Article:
Retirement linked to vexing issue of immigration
Increasing the retirement age to 70 could reduce the need for immigration as a growth strategy, David Burt said on Friday.
The Premier told the House of Assembly: “Those who simply say we need more people living and working in Bermuda do a disservice to that argument when they fail to include those men and women in this community age 65 and over who can and want to continue working.”
He added: “They, too, will continue to contribute to the economic activities in Bermuda.”
MPs debated a motion on the issue after Mr Burt tabled a report from the Labour Advisory Committee recommending that the retirement age should be increased from 65 to 70 over a ten-year period. People would retain the option to retire at 65.
Mr Burt noted the Progressive Labour Party had pledged in the Throne Speech last year to “revise mandatory retirement age to take account of longer life span, the necessity to add additional stability to pension funds and to promote greater choice among the working population”.
He said the average life expectancy for Bermuda had climbed from 71 to 81.3 over the past 30 years.
Mr Burt added: “Living longer, and certainly beyond the age of 65, is a demographic reality that must now be married with economic reality.”
He added that moving the age of retirement would ensure equality in recruitment, hiring compensation, benefits, training and working conditions.
Mr Burt said: “Age discrimination is real in Bermuda.
“It is not just for those persons who may reach the age of 65 and then wish to retire, it is for those in their 50s, who may have been let go from their previous job, and who want to work, and who may be qualified and are not given the job because of their age, because they are 55 or close to retirement.”
Derrick Burgess, the Deputy Speaker of the House, agreed that age discrimination would be addressed through an increased retirement age, but said it may need to be done on a case-by-case basis.
Mr Burgess said a policy now exists to allow people in public service to continue working beyond 65, provided they have medical clearance, but that it was not being fully enforced.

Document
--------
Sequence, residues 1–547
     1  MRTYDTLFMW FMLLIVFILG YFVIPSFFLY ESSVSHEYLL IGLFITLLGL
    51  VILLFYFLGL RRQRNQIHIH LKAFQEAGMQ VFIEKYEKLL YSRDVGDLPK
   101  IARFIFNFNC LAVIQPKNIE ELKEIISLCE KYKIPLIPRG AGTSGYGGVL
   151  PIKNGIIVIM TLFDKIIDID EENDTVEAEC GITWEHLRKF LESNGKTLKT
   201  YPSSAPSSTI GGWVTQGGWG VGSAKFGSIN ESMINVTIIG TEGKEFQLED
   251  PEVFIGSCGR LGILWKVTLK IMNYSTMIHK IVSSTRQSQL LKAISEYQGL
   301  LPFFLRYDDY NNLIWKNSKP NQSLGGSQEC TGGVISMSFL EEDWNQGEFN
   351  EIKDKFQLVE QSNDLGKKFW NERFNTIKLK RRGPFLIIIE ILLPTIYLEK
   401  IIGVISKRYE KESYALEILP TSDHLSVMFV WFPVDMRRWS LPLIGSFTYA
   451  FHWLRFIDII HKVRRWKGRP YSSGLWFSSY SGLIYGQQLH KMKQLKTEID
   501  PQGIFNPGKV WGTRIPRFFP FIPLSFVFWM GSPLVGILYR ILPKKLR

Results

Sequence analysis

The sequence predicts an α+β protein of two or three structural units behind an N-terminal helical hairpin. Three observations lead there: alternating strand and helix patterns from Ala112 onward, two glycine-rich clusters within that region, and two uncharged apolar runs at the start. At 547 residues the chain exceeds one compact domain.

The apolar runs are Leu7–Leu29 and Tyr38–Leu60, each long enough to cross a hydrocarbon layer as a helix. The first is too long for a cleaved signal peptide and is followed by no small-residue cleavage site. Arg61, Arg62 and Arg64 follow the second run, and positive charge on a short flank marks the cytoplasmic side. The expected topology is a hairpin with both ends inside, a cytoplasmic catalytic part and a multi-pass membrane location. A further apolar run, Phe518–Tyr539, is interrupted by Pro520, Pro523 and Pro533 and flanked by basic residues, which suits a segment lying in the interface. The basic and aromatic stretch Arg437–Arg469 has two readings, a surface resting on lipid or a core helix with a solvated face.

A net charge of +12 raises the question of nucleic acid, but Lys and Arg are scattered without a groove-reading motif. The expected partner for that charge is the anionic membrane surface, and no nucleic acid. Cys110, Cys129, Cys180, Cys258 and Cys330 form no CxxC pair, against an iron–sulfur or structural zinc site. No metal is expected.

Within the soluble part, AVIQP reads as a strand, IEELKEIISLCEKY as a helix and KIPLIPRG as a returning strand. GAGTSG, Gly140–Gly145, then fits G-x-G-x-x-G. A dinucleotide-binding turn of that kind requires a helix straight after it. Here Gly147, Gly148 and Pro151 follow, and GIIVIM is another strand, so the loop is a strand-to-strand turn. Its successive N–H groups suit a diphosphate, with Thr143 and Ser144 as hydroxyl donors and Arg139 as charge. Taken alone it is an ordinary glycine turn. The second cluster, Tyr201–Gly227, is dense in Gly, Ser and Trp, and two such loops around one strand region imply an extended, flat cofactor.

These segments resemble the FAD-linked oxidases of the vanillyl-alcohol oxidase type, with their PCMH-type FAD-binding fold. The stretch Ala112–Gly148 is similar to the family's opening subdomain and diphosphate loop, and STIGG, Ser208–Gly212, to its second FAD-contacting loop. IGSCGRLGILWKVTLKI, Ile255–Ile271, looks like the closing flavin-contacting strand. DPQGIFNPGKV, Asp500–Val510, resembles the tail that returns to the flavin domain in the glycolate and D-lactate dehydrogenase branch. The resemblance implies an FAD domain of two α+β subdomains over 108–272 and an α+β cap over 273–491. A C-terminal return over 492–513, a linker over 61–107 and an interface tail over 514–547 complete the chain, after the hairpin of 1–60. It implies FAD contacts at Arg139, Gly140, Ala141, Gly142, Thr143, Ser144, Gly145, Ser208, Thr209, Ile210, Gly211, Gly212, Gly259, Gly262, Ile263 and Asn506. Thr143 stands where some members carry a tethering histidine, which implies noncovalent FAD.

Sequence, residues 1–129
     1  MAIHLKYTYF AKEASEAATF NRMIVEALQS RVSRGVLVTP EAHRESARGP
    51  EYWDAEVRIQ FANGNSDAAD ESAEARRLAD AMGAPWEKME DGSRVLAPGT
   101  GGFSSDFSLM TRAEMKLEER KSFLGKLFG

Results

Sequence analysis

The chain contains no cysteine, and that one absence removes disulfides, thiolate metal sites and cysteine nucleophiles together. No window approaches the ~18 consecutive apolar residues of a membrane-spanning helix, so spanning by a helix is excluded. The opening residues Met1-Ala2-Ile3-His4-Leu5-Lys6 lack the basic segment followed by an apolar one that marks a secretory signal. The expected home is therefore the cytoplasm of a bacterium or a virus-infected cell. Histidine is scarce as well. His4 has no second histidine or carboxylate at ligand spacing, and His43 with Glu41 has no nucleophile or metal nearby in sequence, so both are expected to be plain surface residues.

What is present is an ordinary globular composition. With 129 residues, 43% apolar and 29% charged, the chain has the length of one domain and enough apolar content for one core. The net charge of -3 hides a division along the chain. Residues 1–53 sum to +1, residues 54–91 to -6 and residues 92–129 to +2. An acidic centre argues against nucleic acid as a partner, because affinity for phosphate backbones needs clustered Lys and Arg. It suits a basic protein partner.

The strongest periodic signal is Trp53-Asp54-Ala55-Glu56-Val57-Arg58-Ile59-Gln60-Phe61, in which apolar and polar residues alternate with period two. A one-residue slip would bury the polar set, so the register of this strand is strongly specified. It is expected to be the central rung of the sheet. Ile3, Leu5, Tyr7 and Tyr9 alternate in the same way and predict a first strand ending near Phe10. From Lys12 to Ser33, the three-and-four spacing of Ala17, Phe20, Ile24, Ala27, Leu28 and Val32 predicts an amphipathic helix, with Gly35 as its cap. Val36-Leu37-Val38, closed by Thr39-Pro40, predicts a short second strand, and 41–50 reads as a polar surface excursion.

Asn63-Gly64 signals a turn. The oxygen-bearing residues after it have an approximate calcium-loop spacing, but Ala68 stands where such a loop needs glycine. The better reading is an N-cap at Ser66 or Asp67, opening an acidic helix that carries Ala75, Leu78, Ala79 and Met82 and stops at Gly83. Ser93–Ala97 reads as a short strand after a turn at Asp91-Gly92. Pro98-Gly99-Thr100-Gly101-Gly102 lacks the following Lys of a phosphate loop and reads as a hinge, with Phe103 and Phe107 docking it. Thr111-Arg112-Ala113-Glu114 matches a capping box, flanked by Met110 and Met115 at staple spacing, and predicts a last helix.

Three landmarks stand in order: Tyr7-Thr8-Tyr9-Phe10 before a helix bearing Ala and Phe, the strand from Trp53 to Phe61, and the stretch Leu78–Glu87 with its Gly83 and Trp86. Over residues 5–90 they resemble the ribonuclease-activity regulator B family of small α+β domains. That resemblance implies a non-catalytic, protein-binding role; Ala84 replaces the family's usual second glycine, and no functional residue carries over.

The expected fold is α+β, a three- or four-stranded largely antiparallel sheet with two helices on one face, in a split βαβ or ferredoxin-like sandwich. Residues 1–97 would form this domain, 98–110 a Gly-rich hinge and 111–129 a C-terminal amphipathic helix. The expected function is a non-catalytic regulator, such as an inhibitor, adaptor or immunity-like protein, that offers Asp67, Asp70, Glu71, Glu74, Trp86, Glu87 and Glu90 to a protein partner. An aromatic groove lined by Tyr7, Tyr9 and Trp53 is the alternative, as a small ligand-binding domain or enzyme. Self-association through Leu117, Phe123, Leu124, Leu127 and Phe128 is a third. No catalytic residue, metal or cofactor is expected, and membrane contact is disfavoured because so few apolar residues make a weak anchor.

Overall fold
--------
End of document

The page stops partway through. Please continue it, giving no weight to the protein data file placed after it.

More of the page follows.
He said only 14 employees were now employed in public service beyond the age of 65.
Mr Burgess said: “That is ridiculous. It's shameful, embarrassing to have a policy just for show. The way we have treated seniors in this country is criminal.
“You are competent at 64, but come 65 all of a sudden you become incompetent.”
He pointed out that the Bermuda Hospitals Board had access to this policy, but was not using it even with a shortage of nurses worldwide.
Mr Burgess said: “You are telling nurses they have to go at 65, but you have doctors in surgery at 70. It makes no sense. It makes a mockery of the whole system.”
Craig Cannonier, the Leader of the Opposition, said he supported the motion, but that there was a need for early retirement planning.
Mr Cannonier also said a balance must be created because young people also face age discrimination.
One Bermuda Alliance MP Patricia Gordon-Pamplin pointed to the importance of job creation and her colleague, Jeanne Atherden, said that the Government should make sure that seniors are prepared for the jobs that will be available.
Rolfe Commissiong, the PLP backbencher, said that Bermuda was struggling with a “demographic winter” of an ageing population and a low birthrate.
He said: “This issue is going to transform Bermuda in a way that hardly anyone can imagine.”
Mr Commissiong added that as more people retire there will be extra pressure on pensions and healthcare. He said: “There are no easy options left for Bermuda in a lot of key matters.”